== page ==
According to court documents filed Friday, a South Carolina inmate is set to be the state’s first execution in more than a decade has made the decision to die by firing squad instead of the electric chair later this month.
Richard Bernard Moore, 57, is the first state prisoner to face a choice of execution methods following the implementation of a law last year that made electrocution the default method and gave inmates the alternative of facing three prison workers with rifles instead.
Moore has been on death row for more than two decades after being found guilty of the 1999 slaying of Spartanburg convenience store employee James Mahoney.
If he is executed as scheduled on April 29, he will be the first person executed in the state since 2011 and the 4th person in the nation to be executed by firing squad in nearly half a century.
According to the center, South Carolina is one of eight states that still use the electric chair and one of four that allow a firing squad.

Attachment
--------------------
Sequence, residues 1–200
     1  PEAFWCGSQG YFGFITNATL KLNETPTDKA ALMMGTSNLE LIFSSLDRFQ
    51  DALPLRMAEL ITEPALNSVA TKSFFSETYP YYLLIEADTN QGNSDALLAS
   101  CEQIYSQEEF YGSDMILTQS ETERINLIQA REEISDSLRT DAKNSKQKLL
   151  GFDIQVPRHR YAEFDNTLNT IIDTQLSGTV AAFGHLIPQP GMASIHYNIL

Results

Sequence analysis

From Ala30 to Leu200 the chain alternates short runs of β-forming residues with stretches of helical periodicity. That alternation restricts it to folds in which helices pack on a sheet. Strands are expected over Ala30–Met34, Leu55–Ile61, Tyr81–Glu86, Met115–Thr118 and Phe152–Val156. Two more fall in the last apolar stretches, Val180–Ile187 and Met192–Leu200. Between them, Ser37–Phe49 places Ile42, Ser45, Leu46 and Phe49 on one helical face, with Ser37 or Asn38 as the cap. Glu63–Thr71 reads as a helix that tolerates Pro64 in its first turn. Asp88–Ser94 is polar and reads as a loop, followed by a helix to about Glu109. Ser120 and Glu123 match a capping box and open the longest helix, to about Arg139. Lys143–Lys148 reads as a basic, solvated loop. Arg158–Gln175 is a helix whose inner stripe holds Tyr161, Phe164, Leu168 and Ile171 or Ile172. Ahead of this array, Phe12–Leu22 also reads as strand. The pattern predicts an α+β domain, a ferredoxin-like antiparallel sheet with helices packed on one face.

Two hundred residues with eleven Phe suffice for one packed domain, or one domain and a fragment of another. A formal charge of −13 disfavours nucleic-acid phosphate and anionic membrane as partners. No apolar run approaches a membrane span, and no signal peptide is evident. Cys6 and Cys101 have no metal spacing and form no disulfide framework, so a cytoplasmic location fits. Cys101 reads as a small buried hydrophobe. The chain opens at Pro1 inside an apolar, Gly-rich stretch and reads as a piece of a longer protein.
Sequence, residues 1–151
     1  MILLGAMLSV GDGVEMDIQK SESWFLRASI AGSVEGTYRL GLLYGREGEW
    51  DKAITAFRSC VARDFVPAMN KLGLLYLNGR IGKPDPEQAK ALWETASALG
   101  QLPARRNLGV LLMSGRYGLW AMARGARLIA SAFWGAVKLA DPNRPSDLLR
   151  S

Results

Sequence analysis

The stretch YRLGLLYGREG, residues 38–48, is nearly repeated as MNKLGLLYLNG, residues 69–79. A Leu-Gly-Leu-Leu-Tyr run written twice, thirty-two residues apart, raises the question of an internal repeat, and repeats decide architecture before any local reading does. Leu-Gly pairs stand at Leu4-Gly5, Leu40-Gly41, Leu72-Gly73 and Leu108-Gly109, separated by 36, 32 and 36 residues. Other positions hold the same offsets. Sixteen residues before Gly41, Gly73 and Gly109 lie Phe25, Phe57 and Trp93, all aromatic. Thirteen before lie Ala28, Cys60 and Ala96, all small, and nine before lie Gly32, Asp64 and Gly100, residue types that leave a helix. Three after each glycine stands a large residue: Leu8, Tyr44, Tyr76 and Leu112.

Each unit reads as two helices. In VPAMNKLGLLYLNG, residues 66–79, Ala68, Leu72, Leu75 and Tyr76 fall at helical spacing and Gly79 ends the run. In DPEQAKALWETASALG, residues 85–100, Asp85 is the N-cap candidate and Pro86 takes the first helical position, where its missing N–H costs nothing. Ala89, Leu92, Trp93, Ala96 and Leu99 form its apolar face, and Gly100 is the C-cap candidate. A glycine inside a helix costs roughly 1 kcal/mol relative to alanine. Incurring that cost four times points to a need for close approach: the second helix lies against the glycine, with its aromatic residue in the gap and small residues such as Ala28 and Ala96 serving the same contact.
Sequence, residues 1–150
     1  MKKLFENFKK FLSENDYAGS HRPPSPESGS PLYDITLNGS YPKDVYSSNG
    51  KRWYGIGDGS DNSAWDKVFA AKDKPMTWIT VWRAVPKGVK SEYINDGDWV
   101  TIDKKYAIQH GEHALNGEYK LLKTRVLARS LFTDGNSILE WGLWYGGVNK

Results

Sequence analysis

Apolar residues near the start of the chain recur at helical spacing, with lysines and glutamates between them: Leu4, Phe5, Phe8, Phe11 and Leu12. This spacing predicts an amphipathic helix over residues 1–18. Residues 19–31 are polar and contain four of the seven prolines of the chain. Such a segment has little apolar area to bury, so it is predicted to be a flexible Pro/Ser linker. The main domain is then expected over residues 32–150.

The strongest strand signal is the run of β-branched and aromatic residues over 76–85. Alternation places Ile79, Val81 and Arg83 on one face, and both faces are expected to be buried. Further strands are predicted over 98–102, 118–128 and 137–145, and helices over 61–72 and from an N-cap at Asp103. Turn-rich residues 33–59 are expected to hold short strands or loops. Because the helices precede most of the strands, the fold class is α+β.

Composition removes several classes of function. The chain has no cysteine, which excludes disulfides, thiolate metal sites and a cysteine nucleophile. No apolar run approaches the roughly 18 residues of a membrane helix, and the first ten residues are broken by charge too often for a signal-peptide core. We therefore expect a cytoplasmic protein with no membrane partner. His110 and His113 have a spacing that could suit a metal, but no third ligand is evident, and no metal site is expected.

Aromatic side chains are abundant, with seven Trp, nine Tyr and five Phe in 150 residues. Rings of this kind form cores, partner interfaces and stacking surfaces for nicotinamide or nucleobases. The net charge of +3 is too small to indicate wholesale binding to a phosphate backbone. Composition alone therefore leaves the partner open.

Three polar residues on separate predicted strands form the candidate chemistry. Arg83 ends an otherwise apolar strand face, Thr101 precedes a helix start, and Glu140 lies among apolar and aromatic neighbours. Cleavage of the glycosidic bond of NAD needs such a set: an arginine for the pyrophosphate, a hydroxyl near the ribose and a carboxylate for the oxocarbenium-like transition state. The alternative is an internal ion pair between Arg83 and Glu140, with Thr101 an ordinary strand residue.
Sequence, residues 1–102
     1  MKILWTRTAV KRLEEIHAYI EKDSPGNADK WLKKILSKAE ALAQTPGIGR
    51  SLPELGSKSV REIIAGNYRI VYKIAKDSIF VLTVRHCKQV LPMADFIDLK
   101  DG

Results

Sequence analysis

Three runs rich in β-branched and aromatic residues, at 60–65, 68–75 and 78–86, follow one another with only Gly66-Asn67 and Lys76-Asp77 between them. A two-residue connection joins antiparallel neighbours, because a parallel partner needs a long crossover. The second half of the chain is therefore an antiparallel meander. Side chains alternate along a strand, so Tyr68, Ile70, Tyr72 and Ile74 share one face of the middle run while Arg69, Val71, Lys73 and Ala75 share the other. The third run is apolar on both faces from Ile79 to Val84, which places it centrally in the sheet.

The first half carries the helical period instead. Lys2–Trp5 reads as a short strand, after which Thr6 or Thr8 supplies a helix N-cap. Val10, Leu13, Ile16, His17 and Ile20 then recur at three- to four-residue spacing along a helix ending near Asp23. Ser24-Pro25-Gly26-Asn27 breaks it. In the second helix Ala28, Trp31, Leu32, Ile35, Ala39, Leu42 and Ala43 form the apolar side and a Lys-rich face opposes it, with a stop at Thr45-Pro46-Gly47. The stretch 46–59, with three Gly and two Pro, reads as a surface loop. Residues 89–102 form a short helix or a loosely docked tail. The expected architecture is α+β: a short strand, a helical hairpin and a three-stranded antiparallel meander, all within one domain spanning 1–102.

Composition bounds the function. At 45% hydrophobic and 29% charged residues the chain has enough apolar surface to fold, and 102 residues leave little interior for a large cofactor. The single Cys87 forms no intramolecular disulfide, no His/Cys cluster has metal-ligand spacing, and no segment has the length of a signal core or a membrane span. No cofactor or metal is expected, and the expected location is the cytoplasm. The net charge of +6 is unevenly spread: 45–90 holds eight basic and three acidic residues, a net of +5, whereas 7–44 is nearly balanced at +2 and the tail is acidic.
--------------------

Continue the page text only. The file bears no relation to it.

Moore stated in a written declaration that he did not concede that either method was legal or constitutional, but that he was more deeply opposed to death by electrical shock and only chose the firing squad because he was compelled to.
“I believe this election is forcing me to choose between two unconstitutional methods of execution, and I do not intend to waive any challenges to electrocution or firing squad by making an election,” Moore said in the statement.
The state’s new law was prompted by a decade-long halt in executions, which officials blame on a lack of lethal injection drugs.
They asked the state Supreme Court to postpone Moore’s execution until another court determines whether either option is cruel and unusual. Criminal defense lawyers claim prison officials are not doing enough to obtain lethal injection drugs, leaving prisoners to choose between two more uncivilized methods.
His counsel are also asking the state Supreme Court to postpone his execution so the US Supreme Court can review his sentence of death. Last week, a similar appeal was denied.